** Humans and violence. This may be a personal issue given that my professional engagement is all about political violence. Since Pinker (2011) and Goldstein (2012) we have this new debate about global violence being in decline and the human race generally becoming more peaceful because, on average, supposedly, we see less and less lethal violence over the centuries. Roth's description of violence is so so shallow. Some images are being shown - in brief youtube fashion - and that's it. No psychological and/or historical engagement with violence -- at least -- in the 20th and 21st centuries AT ALL. Is this how we inform ourselves today? A little youtube clip is all we need to believe something to be true? (And don't tell me YA would not handle a little history and science.)
** Political/philosophical framework. Especially Allegiant was such a disappointment because an entirely new plot was introduced and a lot of action unfolded instead of delving deeper into the Chicago world and the experimental framework and process. It left so many questions unanswered and left out topics that could have been explored so much more deeply. There was an entire political system, the US government, that was mentioned but never described or engaged with. We learn that the new Chicago leader negotiated with the US government, but that's all. We lightly touch the issue of deciding whose memory to wipe and whose to keep, but we never go in too deep on it. So many missed opportunities in this one, i won't go into further detail.
I could go on and on. I left this book feeling that someone should rewrite this fixing all the issues that i had and i would LOVE to read that book. I mostly enjoyed learning the story of Tris and Four, so really this is mostly a love story for me and that kept me reading, with some background noise that unfortunately fell way too short.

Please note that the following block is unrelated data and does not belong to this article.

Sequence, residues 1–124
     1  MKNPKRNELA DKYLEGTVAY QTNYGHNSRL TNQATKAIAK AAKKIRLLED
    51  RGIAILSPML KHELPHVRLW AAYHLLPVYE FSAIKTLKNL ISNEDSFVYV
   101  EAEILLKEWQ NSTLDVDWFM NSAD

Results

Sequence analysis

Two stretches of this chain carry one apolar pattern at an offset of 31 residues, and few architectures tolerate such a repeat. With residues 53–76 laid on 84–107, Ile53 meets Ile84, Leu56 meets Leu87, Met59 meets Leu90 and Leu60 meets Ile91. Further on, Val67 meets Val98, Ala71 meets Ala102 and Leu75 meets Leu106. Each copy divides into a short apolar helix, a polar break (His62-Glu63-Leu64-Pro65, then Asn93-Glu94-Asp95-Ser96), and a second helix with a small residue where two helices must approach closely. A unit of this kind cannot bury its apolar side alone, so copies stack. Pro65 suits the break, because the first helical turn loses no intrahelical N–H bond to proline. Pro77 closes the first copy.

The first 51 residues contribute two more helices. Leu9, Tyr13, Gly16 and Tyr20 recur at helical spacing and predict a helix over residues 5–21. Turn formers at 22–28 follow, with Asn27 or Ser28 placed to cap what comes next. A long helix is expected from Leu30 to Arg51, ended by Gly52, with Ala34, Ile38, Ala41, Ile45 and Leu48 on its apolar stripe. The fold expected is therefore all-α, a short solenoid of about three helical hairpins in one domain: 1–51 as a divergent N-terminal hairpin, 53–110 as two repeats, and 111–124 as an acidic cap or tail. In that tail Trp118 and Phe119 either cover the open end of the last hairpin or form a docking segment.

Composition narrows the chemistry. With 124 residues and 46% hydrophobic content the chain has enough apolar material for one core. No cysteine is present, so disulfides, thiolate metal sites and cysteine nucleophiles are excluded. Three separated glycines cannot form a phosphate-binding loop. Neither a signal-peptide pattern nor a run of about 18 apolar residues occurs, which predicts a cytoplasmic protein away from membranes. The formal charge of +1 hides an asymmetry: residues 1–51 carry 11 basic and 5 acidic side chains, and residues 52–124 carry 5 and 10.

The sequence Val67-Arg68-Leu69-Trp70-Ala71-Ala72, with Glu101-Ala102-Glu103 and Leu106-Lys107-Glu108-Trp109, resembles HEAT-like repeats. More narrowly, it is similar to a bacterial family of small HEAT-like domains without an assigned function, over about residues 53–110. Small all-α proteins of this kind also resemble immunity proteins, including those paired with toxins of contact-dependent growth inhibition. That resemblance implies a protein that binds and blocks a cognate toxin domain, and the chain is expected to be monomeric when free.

It's such a bummer in my eyes because the idea of the dystopian world with human experiments that was suggested had so much potential, and was quite original as an idea, but the author kept too busy getting all that hardcore action done instead of selling that world to us. Roth alludes to Orwell's 1984, and J.K. Rowling's brilliance, and yes, J.K. Rowling IS brilliant, and 1984 IS a classic. But Roth does not get close, even if she would like to (and may present herself as if she did in the add-on materials). I am grateful that J.K. Rowling never wrote the Harry Potter series from Harry's self-narrating perspective. That's what allowed her to develop the magic of Harry's world to such a wonderful extent, and that's what made her series appealing to such a wide audience, way beyond the YA community, and therefore including me....more